Death row inmate cites health-related risk factors

Ohio lethal injection

COLUMBUS, Ohio (AP) – A condemned Ohio killer scheduled to die next month has multiple health problems that put him at risk of suffering during lethal injection, attorneys argued in a lawsuit Monday.

Arthur Tyler has a history of heart problems and diabetes and risk factors including high blood pressure, breathing difficulties and being overweight, according to the complaint in federal court in Columbus.

Tyler could also suffer adverse reactions from medication he has taken, including blood pressure drugs, the complaint said.

Tyler’s problems increase “the substantial risk of serious harm to which he will be subjected during any attempt by Defendants to execute him using their lethal-injection protocol,” the filing said.

The complaint argues that lethal injection drugs would amount to cruel and unusual punishment. The drugs are the only execution method under Ohio law.

Tyler would suffer whether the drugs were injected into his veins or his muscles, as the state’s backup method allows, the filing said.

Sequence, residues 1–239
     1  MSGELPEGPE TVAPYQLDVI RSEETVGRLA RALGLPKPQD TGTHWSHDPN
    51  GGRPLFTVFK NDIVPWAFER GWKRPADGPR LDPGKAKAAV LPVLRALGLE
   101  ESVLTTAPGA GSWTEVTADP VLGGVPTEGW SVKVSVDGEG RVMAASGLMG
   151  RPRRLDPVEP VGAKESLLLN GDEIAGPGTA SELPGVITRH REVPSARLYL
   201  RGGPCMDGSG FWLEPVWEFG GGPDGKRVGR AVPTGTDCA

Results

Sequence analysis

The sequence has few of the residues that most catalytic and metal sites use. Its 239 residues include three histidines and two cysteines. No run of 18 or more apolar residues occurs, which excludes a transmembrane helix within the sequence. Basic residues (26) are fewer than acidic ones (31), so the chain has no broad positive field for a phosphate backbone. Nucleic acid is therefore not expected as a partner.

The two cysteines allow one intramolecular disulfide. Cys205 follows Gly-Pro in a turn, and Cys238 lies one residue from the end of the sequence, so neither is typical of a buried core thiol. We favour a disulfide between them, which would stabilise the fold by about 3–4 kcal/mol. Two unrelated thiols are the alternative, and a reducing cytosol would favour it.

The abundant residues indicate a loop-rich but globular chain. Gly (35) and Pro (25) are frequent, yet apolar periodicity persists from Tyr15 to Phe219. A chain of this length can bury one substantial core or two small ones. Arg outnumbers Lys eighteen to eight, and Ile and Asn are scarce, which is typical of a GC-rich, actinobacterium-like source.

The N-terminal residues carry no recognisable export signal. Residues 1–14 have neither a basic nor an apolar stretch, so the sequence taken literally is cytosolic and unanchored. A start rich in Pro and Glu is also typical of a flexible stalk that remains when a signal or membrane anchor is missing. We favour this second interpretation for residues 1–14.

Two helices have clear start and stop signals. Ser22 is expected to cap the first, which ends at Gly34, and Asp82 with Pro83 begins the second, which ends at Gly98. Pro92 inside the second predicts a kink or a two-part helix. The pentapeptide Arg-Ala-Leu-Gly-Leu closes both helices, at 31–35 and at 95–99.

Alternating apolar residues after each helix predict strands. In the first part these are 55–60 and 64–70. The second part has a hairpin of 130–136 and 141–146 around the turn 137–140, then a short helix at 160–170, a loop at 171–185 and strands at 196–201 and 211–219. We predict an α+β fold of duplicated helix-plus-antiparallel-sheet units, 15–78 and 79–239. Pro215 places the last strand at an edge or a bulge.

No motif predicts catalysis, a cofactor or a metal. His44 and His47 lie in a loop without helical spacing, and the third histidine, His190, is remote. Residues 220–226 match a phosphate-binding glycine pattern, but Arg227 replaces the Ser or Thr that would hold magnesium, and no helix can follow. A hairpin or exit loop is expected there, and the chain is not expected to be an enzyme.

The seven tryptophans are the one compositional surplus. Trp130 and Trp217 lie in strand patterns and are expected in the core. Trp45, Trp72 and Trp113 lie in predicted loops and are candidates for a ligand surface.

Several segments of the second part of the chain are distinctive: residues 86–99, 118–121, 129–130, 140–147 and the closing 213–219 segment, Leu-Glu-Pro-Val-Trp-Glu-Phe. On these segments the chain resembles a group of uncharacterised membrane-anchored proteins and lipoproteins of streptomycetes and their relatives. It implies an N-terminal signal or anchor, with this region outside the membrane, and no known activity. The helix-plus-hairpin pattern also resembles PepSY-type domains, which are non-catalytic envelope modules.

Nevertheless, Tyler said his constitutional argument is based on the current method. Tyler “is not alleging that Defendants can never execute him by any method,” the filing said.

Tyler, 64, was sentenced to die for killing Cleveland produce vendor Sander Leach during a 1983 robbery.

Ohio made lethal injection the sole execution method in 2001, eliminating the electric chair – last used in the state in 1963 – as an option.

A message was left with the state Attorney General’s office, which was expected to oppose Tyler’s arguments.

Other Ohio inmates have unsuccessfully argued that physical problems – such as obesity and drug allergies – could lead to painful executions.

Tyler alleged two risk factors – breathing difficulties and “airway obstruction” – that call to mind Ohio’s most recent execution.

Dennis McGuire took 26 minutes to die in January, the longest execution in modern Ohio history, when the state used a never-tried two-drug combo of a sedative and painkiller. McGuire made repeated snorting-like gasps over several minutes, raising allegations he suffered during the procedure.

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